In September of 1991, Liz fell asleep at the wheel of her car and woke up as she was careening down an embankment at 40 miles an hour towards the center of a deep ravine. She was on a nine-hour journey from Chicago to New Jersey for her five-year high school reunion, and was half an hour away from her destination. The cacophony of metal scraping rock and her guttural screams of terror came to a screeching, eerie silence as Liz reached the bottom of the ravine. The car folded in on itself like an accordion. The force of impact blew out all of the windows. Her body was thrown against the steering wheel and tossed back into her seat like a ragdoll. Another driver had seen Liz go off the road, and called for an ambulance. As she sat in a pool of glass, it was a severe struggle to breathe. Her first thought was that she was dying. She put her fingers on her neck to feel the reassurance of a steady pulse in her jugular vein. Then she wiggled her toes. It was evident that her collarbone had snapped in half from the seat belt. She was trapped for 45 minutes until the ambulance arrived. Once she reached the hospital, x-rays revealed that she had suffered a broken collarbone, a cracked sternum, two fractured spinal vertebrae, and a concussion. After five days in the hospital, an immobilized shoulder for four months, and eight months in a back brace, Liz’s body had healed from its injuries. And then the true healing began.


Traumas of this nature inevitably cause a shift in consciousness, and if we are lucky, a heightened appreciation for the sacred. In the discomfort of Liz’s injuries, the visceral reminders of the potential loss of her life were inescapable. Through her own process, Liz became aware of the auspicious orchestration of a key element of the event – the highway was six lanes wide, three lanes in each direction, separated by mostly concrete median and trees. Liz happened to fall asleep, when effectively she was not tired, at a quarter-mile break in the highway where the median contained grass and rocks. At that time in her life, Liz was living in a spiritual black hole. It was deep and vast. Five years before the accident at the age of 16, her mother had committed suicide. In the wake of that tragedy, Liz turned her back on all things spiritual. She was suffering; she was asleep. Metaphorically and literally, the accident was an awakening.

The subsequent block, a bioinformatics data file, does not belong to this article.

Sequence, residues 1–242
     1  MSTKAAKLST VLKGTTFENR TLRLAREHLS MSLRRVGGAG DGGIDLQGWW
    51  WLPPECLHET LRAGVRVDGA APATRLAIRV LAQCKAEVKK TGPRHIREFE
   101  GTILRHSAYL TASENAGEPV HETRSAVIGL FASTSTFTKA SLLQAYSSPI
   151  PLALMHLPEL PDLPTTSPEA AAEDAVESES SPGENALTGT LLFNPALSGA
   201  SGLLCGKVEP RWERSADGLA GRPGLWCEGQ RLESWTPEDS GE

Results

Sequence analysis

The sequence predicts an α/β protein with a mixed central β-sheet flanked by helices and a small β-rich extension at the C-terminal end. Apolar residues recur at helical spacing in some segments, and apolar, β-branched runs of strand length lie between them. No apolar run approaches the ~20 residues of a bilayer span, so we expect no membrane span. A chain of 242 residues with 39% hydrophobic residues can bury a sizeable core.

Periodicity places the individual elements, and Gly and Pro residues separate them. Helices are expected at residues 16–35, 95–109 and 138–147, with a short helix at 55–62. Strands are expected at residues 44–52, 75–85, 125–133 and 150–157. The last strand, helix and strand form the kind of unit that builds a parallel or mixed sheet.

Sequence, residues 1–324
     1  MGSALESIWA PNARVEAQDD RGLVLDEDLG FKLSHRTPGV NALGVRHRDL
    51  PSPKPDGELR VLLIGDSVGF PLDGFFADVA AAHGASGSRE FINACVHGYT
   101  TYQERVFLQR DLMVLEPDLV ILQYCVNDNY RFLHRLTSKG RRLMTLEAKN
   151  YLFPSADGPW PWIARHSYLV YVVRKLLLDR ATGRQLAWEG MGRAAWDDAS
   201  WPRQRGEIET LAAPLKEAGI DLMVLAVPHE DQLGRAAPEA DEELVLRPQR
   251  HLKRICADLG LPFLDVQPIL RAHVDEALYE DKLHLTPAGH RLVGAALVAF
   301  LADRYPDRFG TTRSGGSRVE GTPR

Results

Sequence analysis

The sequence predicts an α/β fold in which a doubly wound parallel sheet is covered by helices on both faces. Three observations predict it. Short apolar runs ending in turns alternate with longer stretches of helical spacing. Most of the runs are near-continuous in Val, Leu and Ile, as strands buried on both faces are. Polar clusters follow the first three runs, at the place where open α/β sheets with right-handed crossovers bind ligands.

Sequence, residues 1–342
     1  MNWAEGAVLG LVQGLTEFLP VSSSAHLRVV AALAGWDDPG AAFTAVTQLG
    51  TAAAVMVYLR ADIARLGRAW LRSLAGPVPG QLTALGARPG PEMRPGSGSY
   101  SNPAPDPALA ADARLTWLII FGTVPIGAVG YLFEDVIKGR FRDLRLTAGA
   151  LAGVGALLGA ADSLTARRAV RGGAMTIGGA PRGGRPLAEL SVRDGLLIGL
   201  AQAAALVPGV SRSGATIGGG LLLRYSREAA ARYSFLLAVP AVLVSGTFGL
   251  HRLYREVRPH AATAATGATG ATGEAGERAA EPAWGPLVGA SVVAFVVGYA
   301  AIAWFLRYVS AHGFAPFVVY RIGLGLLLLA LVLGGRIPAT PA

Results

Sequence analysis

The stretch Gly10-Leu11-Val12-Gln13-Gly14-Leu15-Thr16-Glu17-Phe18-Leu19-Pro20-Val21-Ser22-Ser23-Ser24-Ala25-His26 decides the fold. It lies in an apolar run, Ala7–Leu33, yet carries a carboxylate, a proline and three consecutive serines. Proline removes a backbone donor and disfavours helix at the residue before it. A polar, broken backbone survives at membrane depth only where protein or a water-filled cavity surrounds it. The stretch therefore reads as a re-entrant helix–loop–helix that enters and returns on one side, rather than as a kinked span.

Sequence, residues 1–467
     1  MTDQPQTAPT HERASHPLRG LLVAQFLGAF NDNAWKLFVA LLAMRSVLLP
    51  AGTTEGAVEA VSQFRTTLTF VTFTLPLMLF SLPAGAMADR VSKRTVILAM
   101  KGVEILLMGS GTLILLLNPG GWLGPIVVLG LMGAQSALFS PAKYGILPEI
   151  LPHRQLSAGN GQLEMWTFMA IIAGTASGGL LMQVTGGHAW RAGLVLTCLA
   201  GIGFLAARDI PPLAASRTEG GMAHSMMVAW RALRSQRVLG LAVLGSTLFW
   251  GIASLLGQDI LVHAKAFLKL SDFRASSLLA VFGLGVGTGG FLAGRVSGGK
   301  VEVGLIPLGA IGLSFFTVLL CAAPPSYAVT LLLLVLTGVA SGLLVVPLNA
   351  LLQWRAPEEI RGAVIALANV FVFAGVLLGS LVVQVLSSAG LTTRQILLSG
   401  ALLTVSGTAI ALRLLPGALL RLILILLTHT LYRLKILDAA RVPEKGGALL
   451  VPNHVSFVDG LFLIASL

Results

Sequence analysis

Liz humbly arrived at her yoga practice in 1994 after fully recovering from the injuries of the accident. She realized that her unhealthy relationship with exercise, that included running as a mechanism to manage her non-purging bulimia, could no longer continue. On one auspicious afternoon in springtime Chicago, Liz found herself in a Tower Records store standing before a shelf of yoga videos. A particular one jumped out – “Yoga Mind & Body” by Erich Schiffmann. For six years Liz practiced Erich’s video and dove fully into the philosophy and spirituality of written yogic teachings. Once she felt ready to practice in a community setting and after only two public classes, Liz knew that she had found her calling to teach movement, empowering others to liberate themselves through the body.